This past Spring, I found myself tramping all over Manhattan with Jeff Joseph. We were in search of something more interesting than an over priced buffet at the Waldorf — I’m sure it was very tasty, but when you’re standing in the middle of Food Mecca (if you’ll pardon the allusion), there’s simply no reason to settle.
So, there we were, on a quest for food. We’d just been turned away from our first choice — a 1 hour wait wasn’t what I had in mind, and I had to get back to the show at some point — when I asked him a question that had been on my mind. The question actually came from a discussion the previous morning at the NYAV Show, a panel session stuffed with professional audio writers. Stereophile’s John Atkinson, in what proved to be a futile attempt to bring the conversation around to something actually interesting, asked this question: “assuming that moderately priced loudspeakers are, by definition, an exercise in compromise, why then do no-compromise loudspeakers sound different?” It’s a helluva question, and not only deep, but philosophically interesting, and on several levels — levels that seemed to sail right past the panel. Ugh. Anyway, the experience did underscore several things for me:
- One, wit doesn’t equal insight.
- Two, I had to delete #2 because it was crass.
- Three, audio writers really ought to get out more, and no, I don’t mean “to hear live music”.
- And lastly, you aren’t going to win an argument with John Atkinson. Fear him and run away. The man will eat you alive.
Back to Jeff Joseph. It was Sunday and I was meeting up with him to pick up a pair of his blazingly awesome Pulsar speakers, a purchase I’d been scheming toward, and saving for, for the last two years. Anyway, there we were, hiking across Manhattan, and I asked him Atkinson’s question. Jeff laughed, but then answered rather seriously. “I think a lot of designers are chasing a sound. Something formative. And where they end up has more to do with this starting point than with budgets or principles or goals.”
Which brings me to Volti Audio.
Dr Laurence Borden over at Dagogo has a great interview with Greg Roberts of Volti Audio and I encourage you to check it out. I thought about just plagiarizing the entire thing because I knew that it would annoy Larry, but instead, let’s collect the relevant quote for our discussion:
My introduction to horns at an early age stuck with me. The guys at New England Music Company didn’t just sell me speakers, they taught me why Klipsch speakers were as good as they were. These were my first technical lessons, about modulation distortion, efficiency, dynamics, etc. Most of these lessons came directly from the Klipsch papers “Dope From Hope.” I became a Klipschophile in my teens, and my opinions about which speakers were the best were made during a formative period of my life, so what reason would there be to ever regress to other topologies? LOL. And with all my years sitting behind a sound board and in front of big horn speakers, and having owned Klipsch Khorns for the last 25 years, it has only been recently that I’ve come to realize the merits of other speaker topologies.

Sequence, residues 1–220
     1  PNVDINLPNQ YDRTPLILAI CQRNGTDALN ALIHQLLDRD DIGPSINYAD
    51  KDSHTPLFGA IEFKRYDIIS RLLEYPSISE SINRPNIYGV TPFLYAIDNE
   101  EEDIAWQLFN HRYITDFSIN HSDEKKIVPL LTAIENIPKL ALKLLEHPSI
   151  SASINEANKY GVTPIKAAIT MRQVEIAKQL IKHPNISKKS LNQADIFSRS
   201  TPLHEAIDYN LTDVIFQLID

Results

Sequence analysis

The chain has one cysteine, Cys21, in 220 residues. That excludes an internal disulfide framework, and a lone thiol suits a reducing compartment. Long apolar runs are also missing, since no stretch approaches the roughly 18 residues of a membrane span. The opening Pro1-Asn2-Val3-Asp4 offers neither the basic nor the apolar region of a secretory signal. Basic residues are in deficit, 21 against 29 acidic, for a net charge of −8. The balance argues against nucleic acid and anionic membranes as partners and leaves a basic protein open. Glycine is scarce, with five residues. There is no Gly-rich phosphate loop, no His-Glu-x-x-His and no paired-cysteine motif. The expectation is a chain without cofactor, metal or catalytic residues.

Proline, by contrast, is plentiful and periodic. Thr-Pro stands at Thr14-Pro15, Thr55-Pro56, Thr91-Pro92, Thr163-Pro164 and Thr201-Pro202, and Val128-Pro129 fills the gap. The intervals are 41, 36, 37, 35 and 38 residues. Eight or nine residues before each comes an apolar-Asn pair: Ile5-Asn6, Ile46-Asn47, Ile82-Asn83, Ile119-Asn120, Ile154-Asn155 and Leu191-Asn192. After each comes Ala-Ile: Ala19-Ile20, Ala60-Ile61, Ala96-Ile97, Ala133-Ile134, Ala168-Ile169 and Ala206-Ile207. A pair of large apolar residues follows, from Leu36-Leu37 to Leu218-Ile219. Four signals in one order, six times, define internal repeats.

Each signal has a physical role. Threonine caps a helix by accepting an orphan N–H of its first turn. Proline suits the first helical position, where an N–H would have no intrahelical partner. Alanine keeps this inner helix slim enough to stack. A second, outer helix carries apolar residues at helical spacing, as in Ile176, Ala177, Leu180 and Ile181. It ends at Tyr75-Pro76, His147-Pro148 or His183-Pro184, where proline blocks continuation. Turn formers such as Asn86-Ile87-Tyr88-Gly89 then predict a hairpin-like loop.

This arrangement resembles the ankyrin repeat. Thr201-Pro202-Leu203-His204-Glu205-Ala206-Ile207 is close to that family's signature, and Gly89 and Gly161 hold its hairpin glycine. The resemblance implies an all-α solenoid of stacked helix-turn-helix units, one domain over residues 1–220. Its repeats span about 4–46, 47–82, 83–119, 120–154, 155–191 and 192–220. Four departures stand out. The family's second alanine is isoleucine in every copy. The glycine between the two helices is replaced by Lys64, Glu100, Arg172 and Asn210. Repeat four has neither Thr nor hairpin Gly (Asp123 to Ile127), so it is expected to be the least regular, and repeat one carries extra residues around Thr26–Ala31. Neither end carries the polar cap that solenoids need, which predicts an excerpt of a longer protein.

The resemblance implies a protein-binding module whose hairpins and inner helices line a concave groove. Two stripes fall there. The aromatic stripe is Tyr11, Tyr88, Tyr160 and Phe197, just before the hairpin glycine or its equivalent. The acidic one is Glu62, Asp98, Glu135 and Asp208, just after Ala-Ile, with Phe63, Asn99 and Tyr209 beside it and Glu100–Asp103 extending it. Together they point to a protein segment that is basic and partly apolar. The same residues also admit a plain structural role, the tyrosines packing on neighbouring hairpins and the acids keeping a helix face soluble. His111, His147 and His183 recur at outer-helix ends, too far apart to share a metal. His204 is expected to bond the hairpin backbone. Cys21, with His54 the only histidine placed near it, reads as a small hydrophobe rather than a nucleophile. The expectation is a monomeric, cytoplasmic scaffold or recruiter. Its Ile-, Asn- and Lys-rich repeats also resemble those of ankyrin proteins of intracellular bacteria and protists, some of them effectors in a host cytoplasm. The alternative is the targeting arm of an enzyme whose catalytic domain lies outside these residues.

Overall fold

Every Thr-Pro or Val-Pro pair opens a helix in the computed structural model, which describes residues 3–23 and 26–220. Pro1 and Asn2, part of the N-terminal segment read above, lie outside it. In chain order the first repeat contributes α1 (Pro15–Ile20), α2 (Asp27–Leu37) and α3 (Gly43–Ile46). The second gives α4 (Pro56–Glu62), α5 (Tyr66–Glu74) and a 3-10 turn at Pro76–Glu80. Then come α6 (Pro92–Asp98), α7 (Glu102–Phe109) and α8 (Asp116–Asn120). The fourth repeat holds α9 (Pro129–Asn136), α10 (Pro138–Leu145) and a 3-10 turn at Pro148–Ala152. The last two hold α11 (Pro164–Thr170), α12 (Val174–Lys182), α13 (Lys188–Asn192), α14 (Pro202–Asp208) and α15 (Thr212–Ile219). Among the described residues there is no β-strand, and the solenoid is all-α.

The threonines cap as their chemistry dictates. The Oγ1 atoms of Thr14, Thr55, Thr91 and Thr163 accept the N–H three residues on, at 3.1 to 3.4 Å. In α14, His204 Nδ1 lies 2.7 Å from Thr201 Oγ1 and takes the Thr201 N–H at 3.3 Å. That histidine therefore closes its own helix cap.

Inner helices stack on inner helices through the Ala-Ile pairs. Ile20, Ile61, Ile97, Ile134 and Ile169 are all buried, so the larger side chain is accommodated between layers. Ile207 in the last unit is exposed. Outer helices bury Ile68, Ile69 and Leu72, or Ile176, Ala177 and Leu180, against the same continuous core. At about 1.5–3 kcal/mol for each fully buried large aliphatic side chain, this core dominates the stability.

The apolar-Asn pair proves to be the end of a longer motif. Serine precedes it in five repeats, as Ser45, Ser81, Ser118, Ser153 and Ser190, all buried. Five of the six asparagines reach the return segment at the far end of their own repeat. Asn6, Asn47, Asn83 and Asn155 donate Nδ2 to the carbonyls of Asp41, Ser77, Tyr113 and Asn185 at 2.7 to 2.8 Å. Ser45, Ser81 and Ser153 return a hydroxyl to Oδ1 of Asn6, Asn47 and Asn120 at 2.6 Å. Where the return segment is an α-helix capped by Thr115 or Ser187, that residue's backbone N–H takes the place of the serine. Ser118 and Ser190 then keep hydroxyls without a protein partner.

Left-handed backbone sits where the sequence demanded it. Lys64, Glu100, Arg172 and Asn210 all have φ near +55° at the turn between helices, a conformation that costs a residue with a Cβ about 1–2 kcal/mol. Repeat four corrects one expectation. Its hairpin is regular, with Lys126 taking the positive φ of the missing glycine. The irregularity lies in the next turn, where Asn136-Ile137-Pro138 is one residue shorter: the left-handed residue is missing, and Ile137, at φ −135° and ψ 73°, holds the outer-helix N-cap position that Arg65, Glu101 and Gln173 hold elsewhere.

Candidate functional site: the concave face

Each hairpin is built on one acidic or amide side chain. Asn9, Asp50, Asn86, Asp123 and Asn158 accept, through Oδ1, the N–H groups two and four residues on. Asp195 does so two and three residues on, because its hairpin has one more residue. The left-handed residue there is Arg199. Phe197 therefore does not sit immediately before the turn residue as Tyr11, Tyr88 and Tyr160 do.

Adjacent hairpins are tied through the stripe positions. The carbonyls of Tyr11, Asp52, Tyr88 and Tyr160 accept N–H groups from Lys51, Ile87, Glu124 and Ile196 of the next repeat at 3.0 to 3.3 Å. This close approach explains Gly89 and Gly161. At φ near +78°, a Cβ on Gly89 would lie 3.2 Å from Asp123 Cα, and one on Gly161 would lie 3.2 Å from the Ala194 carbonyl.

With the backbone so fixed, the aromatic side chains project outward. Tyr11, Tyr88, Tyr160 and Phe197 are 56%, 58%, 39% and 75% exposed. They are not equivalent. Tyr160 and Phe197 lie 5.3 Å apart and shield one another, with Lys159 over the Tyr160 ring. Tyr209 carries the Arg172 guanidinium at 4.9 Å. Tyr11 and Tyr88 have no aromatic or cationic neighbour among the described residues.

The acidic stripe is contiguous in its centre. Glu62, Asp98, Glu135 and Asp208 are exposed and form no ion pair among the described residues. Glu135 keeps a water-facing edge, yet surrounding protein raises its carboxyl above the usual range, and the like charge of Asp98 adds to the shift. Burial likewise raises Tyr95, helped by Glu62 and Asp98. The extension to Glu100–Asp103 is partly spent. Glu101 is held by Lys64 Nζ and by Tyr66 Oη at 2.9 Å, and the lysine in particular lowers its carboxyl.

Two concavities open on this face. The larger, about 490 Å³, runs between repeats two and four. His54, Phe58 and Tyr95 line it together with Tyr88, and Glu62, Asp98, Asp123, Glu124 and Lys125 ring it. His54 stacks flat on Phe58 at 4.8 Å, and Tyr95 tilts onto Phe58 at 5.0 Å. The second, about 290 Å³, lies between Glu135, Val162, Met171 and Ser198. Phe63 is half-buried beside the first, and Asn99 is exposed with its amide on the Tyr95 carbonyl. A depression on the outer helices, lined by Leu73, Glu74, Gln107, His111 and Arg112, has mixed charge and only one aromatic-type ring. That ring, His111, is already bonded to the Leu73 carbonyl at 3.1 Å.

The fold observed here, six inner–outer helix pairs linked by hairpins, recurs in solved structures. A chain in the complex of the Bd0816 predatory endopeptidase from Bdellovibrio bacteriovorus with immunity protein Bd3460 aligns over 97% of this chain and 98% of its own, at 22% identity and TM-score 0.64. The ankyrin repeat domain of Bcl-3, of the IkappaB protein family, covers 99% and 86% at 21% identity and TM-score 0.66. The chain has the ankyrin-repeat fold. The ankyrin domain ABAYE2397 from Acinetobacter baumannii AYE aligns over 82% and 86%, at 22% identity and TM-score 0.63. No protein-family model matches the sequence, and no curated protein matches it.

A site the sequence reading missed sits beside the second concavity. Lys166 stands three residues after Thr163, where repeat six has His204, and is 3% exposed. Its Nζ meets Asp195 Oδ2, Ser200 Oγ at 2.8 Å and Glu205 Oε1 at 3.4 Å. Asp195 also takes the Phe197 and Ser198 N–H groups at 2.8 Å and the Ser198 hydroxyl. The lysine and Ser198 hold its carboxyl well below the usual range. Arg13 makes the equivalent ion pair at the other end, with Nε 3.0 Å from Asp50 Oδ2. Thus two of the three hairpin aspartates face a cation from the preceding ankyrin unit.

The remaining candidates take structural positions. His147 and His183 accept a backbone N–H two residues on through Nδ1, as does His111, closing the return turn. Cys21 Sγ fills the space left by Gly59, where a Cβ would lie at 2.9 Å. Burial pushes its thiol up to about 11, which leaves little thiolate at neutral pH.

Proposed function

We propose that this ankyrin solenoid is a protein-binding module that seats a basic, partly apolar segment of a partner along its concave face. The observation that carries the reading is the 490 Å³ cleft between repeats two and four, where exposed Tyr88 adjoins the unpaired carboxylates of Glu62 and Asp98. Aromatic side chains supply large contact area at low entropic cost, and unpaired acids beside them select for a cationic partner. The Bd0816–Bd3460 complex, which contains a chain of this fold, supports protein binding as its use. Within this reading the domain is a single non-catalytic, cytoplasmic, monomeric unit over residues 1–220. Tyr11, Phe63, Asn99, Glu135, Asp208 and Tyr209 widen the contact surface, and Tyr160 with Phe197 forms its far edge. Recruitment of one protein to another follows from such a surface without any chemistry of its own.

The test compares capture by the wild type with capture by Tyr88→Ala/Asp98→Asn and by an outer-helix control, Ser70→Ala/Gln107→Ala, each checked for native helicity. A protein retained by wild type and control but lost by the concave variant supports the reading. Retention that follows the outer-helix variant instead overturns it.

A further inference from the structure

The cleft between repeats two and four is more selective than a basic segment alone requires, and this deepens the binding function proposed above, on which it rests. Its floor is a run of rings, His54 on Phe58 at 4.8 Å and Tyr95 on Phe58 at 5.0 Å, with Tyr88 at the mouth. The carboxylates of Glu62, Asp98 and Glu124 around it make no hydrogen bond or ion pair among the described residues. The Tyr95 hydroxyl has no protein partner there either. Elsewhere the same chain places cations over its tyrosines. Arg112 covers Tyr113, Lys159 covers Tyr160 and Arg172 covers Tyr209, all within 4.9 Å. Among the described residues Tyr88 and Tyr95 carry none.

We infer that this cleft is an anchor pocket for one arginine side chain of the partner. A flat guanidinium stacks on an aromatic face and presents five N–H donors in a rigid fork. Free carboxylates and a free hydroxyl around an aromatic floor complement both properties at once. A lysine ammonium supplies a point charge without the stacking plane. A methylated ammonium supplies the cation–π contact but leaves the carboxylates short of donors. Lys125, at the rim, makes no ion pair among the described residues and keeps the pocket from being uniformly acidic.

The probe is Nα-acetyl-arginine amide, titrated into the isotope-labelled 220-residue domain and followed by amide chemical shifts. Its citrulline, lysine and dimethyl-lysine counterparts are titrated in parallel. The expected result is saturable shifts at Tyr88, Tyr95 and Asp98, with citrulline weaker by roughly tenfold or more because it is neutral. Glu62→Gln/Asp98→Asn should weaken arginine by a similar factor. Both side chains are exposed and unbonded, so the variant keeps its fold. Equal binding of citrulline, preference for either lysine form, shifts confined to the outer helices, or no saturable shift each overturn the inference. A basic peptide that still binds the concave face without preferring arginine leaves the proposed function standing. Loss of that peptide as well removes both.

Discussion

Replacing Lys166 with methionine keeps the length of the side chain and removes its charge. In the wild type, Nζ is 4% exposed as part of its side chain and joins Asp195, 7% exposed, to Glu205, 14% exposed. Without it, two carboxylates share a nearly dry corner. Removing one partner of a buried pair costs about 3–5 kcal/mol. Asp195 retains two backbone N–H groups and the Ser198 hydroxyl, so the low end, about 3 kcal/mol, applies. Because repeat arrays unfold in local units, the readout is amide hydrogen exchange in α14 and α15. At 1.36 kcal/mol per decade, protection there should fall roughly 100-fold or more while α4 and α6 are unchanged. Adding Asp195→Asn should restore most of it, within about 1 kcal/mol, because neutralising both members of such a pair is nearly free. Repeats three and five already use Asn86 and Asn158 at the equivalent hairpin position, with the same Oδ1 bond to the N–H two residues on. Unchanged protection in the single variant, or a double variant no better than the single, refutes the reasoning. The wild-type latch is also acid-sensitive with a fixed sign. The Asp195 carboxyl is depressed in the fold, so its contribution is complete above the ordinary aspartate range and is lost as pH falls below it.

Still, big horns are what make me smile. I can listen to the highest of high end and think they are very nice sounding, but when I get home and put Boz on the Khorns, the music just makes me smile.
So, why do speakers sound different — regardless of the design or compromises made (or lack thereof)? Because they (usually) aren’t designed by robots — or logic, or by an armchair quarterback. A design, like a designer, is a living thing. And if Jeff is right (and in the case of Volti, it sounds like he might be right on), then that thing isn’t immutable. There is no “right” or “best” or “ideal” — there is only, hopefully, a product that any given person may find more and less awesome.
So, I feel like I have to confess that I’ve never been a Klischophile. Not really. My first audiophile speakers were Klipsch, yes, but not the big Klipsch horns doojabbers. I sid actually buy some of their speakers — these were the first speakers I ever spent my own money on — but for a home theater rig. They were fairly traditional, though, even if the tweeters were horn-loaded. All I knew is that they sounded good. It was only after the fact that I found out how freakin’ loud they played.
No, I came to horns late. Like many things. Girls. A decent job. Wife. Kids. I was late with all that stuff. And by the time I found out how cool Klipsch horns were, I also found that there were others doing much cooler things on that design. So, let’s talk about Vittora.
Vittora, Greg Roberts’ current thinking on the whole Klipsch horn thing, is a honkin’ big speaker. It may not be 10′ tall or have 30 drivers on it, but the speaker is dramatically larger than the majority of floor standing speakers. It has mass. Size. And, because of that, it does sound different from all of them. To me, that difference is a good and welcome thing. In short, these speakers sound great.
Current pricing is $12,600 for a pair, up $2,000 from this time last year, and still well below what I would expect the market to bear.
And, yes, you’ll be forgiven for thinking “La Scala!” on seeing them for the first time. On closer inspection, you’ll quickly realize that no La Scala, ever, has looked quite this fine. Quite this polished. Quite this well put together. The cabinet work on the Vittora is remarkable, and the graceful curves quite obviously set it apart from the Klipsch you may know and love. No, here, Greg and team put in approximately 240 hours of work into each pair of speakers and quite frankly, it shows. That said, the spirit of those vintage designs shows through — the speaker cloth and general fitment would look perfectly at home in an episode of Mad Men. Or in one of the demo rooms featuring some vintage and refurbed audio gear, rather than an all-new offering. I can’t stress this enough — the Vittora is a blast from the past. In the best possible sense.